which they are trying to test.

I have written some c code which should cause alerts with testing software
that checks for possible y2k problems. When compiled and checked under
microsoft based platforms, these binaries easily slip by testing
programs. When compiled and checked by Sun's own y2k testing tools, these
binaries also slip by.

Since Sun's tools are based on shell scripts, I was able to go in and find
the problem. The script works fine under the Sparc editions of the operating
system but returns false information when run under the Intel x86
version. This is due to the 'dump' command having differing output between
the OS versions. This slipped by the engineers at Sun.

Out of necessity, a lot of people are now doing system testing for the first
time in their careers. The risks are obvious. How many systems have been
checked and certified with buggy tools? Have individuals involved with
testing first checked that their test suites will actually work? Do they
even know how? We will find out soon enough.

Java Security

Gary McGraw <>
Wed, 13 Jan 1999 22:35:54 -0500 (EST)

Ed Felten and I are pleased to announce the publication of a completely
revised and expanded new book, a follow-on to our original 1996 book "Java
Security: Hostile Applets, Holes, and Antidotes" (better known as Java
Security HA HA among readers in the know).  The new book "Securing Java:
Getting down to business with mobile code" is published by John Wiley & Sons
(1999).  Physical copies are available now.  In addition to the physical
book, Ed and I decided to make the entire text available for free and
unlimited Web access.  The URL is:

The risk here is that nobody will buy the physical edition ;-)!  Help
us mitigate that risk, making the Web experiment a success.  Ah
publishing in the 90s.

The book covers the risks presented by mobile code systems including
Java 2 and ActiveX  and is an in depth treatment of these complex issues.
RISKS readers will probably appreciate the tone.


Dr. Gary McGraw, Vice President, Reliable Software Technologies

REVIEW: "Maximum Security", Anonymous

"Rob Slade, doting grandpa of Ryan and Trevor" <>
Mon, 11 Jan 1999 09:59:59 -0800


"Maximum Security", Anonymous, 1998, 0-672-31341-3,
%A   Anonymous
%C   201 W. 103rd Street, Indianapolis, IN   46290
%D   1998
%E   Mark Taber
%G   0-672-31341-3
%I   Macmillan Computer Publishing (MCP)
%O   U$49.99/C$70.95/UK#46.95 800-858-7674
%P   829 p. + CD-ROM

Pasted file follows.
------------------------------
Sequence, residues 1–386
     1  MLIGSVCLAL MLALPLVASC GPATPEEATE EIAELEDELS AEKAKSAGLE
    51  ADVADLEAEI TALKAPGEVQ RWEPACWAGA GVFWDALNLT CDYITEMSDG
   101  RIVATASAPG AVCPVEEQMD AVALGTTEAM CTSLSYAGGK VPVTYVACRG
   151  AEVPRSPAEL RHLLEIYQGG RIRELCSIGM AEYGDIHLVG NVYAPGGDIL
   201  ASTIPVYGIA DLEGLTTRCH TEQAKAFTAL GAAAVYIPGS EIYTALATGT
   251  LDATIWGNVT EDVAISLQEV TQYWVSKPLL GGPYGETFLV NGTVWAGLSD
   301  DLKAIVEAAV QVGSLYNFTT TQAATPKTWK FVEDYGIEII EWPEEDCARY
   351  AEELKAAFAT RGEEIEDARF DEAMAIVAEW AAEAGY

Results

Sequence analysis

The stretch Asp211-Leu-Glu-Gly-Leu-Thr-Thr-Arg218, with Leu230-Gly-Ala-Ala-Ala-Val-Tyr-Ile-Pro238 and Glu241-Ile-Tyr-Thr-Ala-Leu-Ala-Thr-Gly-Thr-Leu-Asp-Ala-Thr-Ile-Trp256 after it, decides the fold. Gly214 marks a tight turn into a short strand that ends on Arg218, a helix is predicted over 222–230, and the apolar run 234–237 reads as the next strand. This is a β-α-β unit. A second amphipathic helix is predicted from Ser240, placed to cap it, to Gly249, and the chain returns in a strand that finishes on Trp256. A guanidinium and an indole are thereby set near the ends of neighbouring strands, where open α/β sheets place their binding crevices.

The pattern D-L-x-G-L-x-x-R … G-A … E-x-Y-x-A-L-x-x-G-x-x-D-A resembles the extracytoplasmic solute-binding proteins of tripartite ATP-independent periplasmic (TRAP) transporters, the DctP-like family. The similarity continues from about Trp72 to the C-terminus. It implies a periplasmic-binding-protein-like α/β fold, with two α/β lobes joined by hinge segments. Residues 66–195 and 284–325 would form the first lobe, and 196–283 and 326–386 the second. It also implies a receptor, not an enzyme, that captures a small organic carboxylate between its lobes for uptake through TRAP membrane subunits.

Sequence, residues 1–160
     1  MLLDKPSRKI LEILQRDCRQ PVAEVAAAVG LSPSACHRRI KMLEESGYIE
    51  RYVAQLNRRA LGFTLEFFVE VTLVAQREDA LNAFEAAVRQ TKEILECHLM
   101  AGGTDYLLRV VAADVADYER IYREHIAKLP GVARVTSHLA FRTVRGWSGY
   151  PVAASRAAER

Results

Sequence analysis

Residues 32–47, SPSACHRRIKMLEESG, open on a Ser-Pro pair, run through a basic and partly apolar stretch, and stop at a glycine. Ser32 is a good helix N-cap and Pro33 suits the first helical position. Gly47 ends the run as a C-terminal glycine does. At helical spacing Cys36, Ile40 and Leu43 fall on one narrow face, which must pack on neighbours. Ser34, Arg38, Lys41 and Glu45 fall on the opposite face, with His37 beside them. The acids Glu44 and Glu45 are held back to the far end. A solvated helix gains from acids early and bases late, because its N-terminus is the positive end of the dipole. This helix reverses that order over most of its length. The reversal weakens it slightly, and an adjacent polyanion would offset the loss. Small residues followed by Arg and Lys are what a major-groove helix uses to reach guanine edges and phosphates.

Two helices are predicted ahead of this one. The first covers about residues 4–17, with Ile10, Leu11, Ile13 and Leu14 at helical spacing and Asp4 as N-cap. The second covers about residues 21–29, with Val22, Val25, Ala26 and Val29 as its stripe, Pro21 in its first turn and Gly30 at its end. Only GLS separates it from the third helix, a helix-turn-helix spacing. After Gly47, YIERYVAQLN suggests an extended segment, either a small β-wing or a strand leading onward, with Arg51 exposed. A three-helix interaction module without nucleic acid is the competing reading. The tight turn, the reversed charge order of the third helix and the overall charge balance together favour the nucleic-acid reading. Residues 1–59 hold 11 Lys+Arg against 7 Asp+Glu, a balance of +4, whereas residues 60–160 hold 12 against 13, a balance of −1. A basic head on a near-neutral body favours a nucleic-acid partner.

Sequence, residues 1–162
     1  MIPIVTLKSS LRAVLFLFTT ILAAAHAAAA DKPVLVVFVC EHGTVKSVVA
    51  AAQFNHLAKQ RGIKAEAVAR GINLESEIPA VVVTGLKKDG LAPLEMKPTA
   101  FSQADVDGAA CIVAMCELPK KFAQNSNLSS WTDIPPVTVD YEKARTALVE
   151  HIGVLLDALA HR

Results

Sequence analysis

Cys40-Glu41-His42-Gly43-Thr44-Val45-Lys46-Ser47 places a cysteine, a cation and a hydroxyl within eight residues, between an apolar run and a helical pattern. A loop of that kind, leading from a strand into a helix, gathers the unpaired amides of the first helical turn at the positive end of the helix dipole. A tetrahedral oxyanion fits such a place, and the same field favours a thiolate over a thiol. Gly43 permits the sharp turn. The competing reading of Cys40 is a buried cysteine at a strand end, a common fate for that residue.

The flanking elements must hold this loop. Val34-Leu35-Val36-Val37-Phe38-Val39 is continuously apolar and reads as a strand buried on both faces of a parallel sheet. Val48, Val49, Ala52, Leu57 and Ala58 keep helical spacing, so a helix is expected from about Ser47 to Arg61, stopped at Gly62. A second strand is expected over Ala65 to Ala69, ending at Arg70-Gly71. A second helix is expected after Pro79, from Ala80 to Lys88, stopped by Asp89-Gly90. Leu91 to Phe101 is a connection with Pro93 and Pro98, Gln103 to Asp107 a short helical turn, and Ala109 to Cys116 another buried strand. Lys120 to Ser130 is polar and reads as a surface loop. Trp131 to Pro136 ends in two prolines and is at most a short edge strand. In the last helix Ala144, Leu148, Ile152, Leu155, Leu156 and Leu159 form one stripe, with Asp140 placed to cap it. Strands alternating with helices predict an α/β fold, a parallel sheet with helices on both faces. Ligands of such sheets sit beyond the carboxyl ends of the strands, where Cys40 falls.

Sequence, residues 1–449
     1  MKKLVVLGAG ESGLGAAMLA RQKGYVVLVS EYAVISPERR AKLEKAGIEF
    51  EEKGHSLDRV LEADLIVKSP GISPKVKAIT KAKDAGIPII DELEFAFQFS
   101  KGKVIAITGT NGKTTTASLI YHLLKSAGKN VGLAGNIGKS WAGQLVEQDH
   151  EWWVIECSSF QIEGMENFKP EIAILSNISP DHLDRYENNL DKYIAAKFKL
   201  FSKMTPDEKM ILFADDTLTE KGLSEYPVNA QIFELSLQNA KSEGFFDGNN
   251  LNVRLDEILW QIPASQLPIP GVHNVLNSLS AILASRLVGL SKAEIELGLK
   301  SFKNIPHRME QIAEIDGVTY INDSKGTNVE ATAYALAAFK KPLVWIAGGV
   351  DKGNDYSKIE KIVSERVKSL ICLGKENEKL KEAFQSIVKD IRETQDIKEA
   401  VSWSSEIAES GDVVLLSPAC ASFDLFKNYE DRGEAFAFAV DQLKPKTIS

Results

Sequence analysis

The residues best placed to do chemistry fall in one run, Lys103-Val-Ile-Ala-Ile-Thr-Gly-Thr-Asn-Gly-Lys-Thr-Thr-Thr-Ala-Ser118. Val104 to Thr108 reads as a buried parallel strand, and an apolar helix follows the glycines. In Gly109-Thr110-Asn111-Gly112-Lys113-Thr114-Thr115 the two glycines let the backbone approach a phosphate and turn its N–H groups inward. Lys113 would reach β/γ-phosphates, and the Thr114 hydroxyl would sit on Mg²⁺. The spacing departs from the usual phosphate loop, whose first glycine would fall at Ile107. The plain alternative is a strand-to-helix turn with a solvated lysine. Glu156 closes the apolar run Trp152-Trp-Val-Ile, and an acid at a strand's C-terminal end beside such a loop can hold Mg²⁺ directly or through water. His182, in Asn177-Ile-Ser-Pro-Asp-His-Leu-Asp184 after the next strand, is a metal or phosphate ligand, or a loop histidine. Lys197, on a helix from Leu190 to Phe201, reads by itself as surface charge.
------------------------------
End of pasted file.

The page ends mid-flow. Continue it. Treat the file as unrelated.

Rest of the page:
%T   "Maximum Security, second edition"

Rather loudly promoted on the net these days, the major selling point of
this book is that it was written "by an experienced hacker."  Supposedly one
who spent some time as a guest of Uncle Sam for fiddling bank machines.
(Some of what we are told about the author does not fit with the contents of
the book, but then, as an old professional paranoid, I may be unduly
suspicious.)  Leaving aside questions of morality and definitions of the
term "hacker," let us merely observe that these people are the gnostics.
They are the devotees of the hidden, esoteric, and arcane knowledge.  Such
knowledge, of course, is cheapened and weakened by being revealed.  Which
may explain a certain reticence on a number of points in the first edition
of the book.  The introduction to that edition made it fairly clear:
Anonymous assumed that if you did not work diligently at his direction you
did not deserve to secure your system.  One could almost feel his glee at
the expectation that thousands of sysadmins around the world were wracking
their brains and flooding Usenet with discussions of the significance of his
clues to the vital encrypted message he had hidden on the CD-ROM.

The riddle, and that attitude, seem to have been removed from this second
edition.  The author tacitly admits that the first was a bit of a kludge: he
says that it was written in haste.  He also states that the second edition
is more "solution oriented."  It could hardly have been less.  Be that as it
may, the book is, as the author states, essentially completely rewritten.
It has been much improved in the process, moving up from truly awful to
merely mediocre.  The new version provides a good deal of reference
information, although assessing the quality of that information is left as
an exercise to the reader.

The section on viruses is an overview of the book in miniature.  The hype
has been toned down, and the explanation of how viruses work is much more
reasonable.  However, it still insists that "destruction" is the major
characteristic of a virus.  (There is, later, an admission that "[m]ost
viruses do not actually destroy data.")  We are treated to the old myth that
virus researchers write viruses as a kind of job security.  While a general
background to viruses is provided, there is no discussion of protection
options.  However, there are more listings of antiviral programs and
resource sites than there are for virus creation programs.  Many topics
within the text have lists of books and Web sites for further study, and